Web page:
Soon after Upper Mustang opened to tourism in 1992, a number of travel guides surfaced in the market. Promising to lead the German speakers up to the walled city of Lo Manthang came Gudrun John, a self-appointed Himalaya specialist claiming to be among the first Germans to have obtained the rare and expensive trekking permit to Lo Manthang. John casts herself in the role of a modern-day Wilhelm Humboldt, but breaks all commandments of ecologically and socio-culturally decent trekking tourism. Mustang. A Rediscovered Kingdom in Nepal reads like a life¬less diary, one monotonous anecdote after another and written in embarrassing neo-colonialistic language. Without any knowledge of medicine, for example, she attempts “medical treatment” of sick villagers. “…I pulled the boy´s earlobe and immediately a stream of heavy puss broke its way. “Indiscriminately, she distributes pain killers and antibiotics from her travel kit and proceeds to advise village women on how to use different local herbs as remedies.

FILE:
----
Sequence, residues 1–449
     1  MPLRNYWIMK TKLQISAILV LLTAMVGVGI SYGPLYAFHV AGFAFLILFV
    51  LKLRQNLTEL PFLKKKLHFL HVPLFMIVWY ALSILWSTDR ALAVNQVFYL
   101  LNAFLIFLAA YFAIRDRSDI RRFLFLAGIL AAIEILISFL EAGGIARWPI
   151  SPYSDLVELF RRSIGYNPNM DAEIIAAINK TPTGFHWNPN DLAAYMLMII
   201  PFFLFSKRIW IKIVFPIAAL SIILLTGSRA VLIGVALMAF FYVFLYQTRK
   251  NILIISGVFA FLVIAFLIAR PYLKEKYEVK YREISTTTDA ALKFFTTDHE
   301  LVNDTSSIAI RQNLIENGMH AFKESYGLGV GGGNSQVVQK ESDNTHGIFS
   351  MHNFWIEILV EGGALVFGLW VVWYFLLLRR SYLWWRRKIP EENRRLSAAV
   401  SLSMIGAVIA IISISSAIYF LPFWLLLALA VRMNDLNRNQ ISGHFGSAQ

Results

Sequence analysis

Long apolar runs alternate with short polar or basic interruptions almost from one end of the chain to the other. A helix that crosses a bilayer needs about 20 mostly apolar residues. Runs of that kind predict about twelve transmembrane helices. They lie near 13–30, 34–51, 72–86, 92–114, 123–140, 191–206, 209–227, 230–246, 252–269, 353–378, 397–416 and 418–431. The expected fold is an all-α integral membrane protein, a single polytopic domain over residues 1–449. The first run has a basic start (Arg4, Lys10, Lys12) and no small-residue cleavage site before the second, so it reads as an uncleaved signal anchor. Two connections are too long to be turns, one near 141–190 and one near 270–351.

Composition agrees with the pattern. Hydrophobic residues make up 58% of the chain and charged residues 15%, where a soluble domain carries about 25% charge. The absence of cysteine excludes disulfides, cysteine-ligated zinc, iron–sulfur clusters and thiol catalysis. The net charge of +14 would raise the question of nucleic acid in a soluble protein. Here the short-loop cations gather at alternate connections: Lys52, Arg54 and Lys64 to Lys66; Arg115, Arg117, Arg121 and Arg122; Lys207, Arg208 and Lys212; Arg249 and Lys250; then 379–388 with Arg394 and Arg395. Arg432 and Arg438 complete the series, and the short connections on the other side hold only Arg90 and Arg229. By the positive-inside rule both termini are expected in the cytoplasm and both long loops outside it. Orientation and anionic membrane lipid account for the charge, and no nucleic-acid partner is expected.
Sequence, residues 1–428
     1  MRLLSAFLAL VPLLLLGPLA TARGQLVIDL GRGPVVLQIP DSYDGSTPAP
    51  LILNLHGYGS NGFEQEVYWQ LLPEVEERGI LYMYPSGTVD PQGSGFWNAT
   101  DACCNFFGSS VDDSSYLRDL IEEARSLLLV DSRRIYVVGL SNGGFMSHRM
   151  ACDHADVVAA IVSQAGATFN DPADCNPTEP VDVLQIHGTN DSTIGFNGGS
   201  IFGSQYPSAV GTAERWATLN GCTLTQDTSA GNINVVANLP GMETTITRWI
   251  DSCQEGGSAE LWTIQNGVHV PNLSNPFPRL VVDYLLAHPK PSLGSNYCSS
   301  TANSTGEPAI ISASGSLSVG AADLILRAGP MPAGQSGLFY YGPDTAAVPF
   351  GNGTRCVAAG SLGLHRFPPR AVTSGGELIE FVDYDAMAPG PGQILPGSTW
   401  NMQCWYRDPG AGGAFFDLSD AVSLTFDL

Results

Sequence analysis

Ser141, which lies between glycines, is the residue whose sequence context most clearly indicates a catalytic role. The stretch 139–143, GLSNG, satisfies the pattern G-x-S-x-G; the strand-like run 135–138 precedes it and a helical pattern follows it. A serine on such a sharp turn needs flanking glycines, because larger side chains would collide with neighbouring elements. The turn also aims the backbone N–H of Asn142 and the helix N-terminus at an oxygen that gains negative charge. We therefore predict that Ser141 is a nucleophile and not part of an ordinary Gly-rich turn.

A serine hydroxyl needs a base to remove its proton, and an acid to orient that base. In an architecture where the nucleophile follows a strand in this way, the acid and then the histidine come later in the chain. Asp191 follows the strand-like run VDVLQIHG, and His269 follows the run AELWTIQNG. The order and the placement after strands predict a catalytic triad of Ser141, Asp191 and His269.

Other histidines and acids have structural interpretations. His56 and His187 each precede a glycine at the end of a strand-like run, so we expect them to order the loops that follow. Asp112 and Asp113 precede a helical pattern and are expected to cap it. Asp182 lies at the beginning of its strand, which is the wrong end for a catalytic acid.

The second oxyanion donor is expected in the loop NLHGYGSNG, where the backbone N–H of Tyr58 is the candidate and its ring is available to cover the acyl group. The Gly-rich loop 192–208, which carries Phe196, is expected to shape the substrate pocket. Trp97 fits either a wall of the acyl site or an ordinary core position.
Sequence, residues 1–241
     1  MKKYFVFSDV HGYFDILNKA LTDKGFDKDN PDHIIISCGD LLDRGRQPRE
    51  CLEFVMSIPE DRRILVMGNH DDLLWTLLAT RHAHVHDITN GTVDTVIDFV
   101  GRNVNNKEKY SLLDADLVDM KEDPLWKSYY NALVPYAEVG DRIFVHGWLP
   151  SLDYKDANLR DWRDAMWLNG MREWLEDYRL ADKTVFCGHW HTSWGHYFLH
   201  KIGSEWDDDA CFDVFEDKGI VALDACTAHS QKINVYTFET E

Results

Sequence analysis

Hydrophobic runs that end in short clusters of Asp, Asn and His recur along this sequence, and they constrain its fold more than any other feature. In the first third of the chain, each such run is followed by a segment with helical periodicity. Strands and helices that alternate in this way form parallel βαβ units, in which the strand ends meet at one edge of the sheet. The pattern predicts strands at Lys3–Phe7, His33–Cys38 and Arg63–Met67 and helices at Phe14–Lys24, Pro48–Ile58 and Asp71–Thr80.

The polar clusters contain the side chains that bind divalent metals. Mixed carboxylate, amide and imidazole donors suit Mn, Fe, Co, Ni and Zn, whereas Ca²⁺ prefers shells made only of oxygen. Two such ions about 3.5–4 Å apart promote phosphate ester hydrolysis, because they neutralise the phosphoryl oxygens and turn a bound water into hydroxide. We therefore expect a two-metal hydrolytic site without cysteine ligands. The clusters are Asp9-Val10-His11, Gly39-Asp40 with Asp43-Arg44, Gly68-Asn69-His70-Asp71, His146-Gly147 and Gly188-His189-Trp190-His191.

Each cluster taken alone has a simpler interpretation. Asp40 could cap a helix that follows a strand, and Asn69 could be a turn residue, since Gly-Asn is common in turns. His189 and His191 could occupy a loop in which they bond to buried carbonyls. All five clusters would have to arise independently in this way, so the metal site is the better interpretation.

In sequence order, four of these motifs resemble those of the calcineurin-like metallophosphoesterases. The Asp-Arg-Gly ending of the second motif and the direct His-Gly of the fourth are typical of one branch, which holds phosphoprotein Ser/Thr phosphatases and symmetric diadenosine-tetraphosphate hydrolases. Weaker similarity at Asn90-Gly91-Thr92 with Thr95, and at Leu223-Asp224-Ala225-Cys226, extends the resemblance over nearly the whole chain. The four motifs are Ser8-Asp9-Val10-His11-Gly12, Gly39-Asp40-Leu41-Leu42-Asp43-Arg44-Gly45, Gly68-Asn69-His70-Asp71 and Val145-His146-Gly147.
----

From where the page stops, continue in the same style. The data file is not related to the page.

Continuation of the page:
This kind of short-sighted, pseudo-humanitarian “Albert Schweitzer attitude” is bound to cause even more fatal consequences than tourists playing Santa Claus, handing out candies and pens to village children. Distributing Western medicine to villagers without diagnosis by a trained medical practi¬tioner is a mortal sin. Whether acting out of ´compassion´ or latent cultural arrogance, tourists and tourist guide-book writers who do this must be censured without reservation.
Not only does the book ignore the rich religious, cultural and historical heritage of Upper Mustang, it also gives a distorted picture of the Loba. As for the author, there couldn´t be a worse person to give advice on how to trek in an ecologicaly and socio-culturaly fragile region.